Collaborative studies with Lee-way Jin of the UC Davis Alzheimer’s Disease Center led to the observation that these spin probes carry some unique properties, such as, they can deliver potent antioxidant activity in a catalytic manner. Based on this observation, Voss embarked on designing spin probe agents that can assemble around the neurotoxic proteins and reduce their toxicity in cells.

Another key property of the innovation results from the ability of the agents to generate contrast in magnetic resonance imaging (MRI), which then can be used as a diagnostic tool and understand the course of treatment. “We use this approach to address problems in several biological systems, including those related to cardiovascular and neurodegenerative diseases,” said Voss. “Unlike available imaging methods, the MRI contrast does not involve metals, eliminates radiation exposure to the patient, and is less expensive — enabling greater patient access,” said Voss.

Voss used the STAIR grant to get access to imaging instrumentation, collected specimens from animals as well as from patients in the UC Davis Alzheimer’s Disease Center, and used them to validate the hypothesis that these paramagnetic molecules can be used in a diagnostic manner.

They performed in vivo tests to synthesize and demonstrate the effectiveness of nine novel small molecules, co-invented by Ruiwu Liu, a research professor in the School of Medicine. They also conducted lead optimization studies of therapeutic activities and used imaging instrumentation to better correlate the contrast signal with identifiable brain structures.

Voss’ laboratory has engineered a series of proprietary spin-labeled agents that preferentially bind to aggregates of misfolded proteins and provide neuronal protection from toxic effects of amyloid-beta. These molecules have been termed paramagnetic amyloid ligands (PALs) as they are not only neuroprotective but also can be visualized in the brain with MRI. Voss’s efforts with the Davis-based ParaMag Biosciences are aiming to bring the UC-licensed PAL technology to patients.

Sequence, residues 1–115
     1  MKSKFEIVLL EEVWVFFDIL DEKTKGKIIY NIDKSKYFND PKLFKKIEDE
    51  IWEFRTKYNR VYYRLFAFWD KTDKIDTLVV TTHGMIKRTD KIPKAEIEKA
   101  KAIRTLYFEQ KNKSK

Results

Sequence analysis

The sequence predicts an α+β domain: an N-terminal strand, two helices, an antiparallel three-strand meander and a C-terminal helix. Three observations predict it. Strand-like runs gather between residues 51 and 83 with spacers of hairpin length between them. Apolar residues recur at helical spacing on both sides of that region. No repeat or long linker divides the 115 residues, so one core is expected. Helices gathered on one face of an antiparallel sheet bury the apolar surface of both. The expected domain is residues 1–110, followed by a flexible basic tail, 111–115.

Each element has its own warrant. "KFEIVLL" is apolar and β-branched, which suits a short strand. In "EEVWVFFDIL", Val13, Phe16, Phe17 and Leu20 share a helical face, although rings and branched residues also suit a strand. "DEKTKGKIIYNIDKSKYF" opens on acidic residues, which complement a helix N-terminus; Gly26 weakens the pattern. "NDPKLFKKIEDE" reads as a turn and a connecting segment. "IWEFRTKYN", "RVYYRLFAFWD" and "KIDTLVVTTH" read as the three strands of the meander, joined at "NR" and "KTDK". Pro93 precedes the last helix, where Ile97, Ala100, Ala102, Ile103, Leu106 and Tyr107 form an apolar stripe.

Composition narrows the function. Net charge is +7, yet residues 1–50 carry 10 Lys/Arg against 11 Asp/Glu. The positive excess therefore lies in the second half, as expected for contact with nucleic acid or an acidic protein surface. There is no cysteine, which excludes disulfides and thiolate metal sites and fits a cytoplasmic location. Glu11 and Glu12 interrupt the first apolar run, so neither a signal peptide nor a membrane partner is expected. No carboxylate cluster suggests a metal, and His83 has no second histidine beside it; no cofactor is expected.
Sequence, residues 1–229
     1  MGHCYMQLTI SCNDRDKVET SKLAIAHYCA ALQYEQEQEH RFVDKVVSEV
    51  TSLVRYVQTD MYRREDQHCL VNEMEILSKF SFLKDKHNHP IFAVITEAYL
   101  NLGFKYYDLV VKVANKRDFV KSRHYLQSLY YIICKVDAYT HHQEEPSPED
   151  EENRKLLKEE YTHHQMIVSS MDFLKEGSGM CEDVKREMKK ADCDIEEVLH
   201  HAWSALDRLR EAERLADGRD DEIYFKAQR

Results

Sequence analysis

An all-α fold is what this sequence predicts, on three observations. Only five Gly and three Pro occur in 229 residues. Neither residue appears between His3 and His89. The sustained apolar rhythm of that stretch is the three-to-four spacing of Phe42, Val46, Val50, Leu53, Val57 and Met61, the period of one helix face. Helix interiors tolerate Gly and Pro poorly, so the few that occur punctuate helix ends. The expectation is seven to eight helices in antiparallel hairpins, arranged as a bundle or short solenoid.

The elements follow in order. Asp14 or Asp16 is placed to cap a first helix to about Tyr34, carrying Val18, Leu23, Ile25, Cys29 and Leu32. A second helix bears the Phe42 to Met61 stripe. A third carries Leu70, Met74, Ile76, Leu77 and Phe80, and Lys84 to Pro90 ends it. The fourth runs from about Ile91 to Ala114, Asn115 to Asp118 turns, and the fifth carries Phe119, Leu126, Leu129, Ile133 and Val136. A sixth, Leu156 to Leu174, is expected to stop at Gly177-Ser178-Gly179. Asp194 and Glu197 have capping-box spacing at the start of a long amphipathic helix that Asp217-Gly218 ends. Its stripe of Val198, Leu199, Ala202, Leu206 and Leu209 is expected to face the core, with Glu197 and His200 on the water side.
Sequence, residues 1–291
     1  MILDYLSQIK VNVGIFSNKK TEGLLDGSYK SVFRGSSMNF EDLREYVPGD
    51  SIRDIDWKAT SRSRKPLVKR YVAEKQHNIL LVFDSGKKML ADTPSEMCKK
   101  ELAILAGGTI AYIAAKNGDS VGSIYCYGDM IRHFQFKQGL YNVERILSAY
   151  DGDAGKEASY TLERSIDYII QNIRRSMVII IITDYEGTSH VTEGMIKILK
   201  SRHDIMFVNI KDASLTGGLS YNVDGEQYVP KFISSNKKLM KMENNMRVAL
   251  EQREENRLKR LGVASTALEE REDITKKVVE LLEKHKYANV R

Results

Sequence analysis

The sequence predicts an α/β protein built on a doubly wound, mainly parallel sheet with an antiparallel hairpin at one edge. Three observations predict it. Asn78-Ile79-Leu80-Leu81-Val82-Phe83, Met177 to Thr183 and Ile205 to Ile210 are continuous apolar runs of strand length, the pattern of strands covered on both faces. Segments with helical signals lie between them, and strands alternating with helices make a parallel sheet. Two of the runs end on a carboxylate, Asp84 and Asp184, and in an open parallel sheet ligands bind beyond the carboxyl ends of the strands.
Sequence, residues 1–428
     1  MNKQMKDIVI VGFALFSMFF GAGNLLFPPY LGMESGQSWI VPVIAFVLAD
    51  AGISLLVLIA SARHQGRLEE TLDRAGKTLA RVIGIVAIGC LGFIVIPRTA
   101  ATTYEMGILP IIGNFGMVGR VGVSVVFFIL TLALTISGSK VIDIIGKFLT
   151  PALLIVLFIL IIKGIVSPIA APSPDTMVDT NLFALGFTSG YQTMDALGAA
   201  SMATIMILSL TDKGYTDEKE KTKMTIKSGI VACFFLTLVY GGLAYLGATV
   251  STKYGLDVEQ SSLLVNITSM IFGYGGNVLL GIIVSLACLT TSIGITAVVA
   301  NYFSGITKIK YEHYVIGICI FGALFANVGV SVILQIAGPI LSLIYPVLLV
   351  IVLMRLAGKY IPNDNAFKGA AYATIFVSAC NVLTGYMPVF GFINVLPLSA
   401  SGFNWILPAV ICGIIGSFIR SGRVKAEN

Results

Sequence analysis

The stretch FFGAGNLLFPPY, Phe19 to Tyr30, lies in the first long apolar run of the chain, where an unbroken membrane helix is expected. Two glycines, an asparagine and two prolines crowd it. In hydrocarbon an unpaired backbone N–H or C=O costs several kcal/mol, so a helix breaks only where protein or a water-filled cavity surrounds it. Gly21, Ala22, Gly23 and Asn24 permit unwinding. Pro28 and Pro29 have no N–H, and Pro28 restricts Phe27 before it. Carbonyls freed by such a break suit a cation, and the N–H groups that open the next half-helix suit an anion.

Media Contact

AJ Cheline, UC Davis Office of Research, 530-752-1101,

Validate Your Startup Idea and Technology through the Customer Discovery method at the Spring 2021 UC Davis I-Corps Virtual Immersive Short Course

UC Davis Venture Catalyst is collaborating with the Bay Area Node for the National Science Foundation Innovation Corps program to host the Immersive Short Course training for teams with a university connection and technology innovation based on discoveries in fundamental science and engineering.

2:00- 5:00 pm, Monday, April 25, Wednesday, April 27, and Wednesday May 4, 2022


Teams of 2-4 members comprised of university-affiliated students, staff and/or faculty working on a science or engineering innovation who want to learn more about taking a product from idea to being used out in the world.

What is it?

The Immersive Short Course training is focused on helping early-stage teams who have a fundamental technology, engineering, or business model innovation learn how search for a scalable business model through the Customer Discovery methodology.  The three online sessions will teach teams to identify and refine their Value Propositions and Customer Segments, which are essential to de-risking ideas and achieving product-market fit.  Outside of class, teams are expected to conduct at least 15 interviews with potential customers as part of the Customer Discovery process.  Participants can expect to spend 20-30 hours outside of class on interviews.

Why participate?

In addition to benefitting from the initial Customer Discover process to vet your ideas, applicable teams that complete the Immersive Short Course with instructor endorsement may qualify for the National Innovation Corps Teams program, which includes a $50k grant for customer discovery and supplemental training.  Many teams that complete the national program have a much higher funding rate, including investment and National Science Foundation Small Business Innovation Research (SBIR) grants, which provide up to $256k in seed capital to conduct research and development.

Next steps:

Applications for the Immersive Short Course are open through April 11, 2022.  Selected applicants will be contacted about 10 days before the first day of class to schedule a team interview call with the I-Corps instructor. Learn more about requirements & apply here!


Please contact Janine Elliott, Associate Director for New Venture Resources, UCD Venture Catalyst: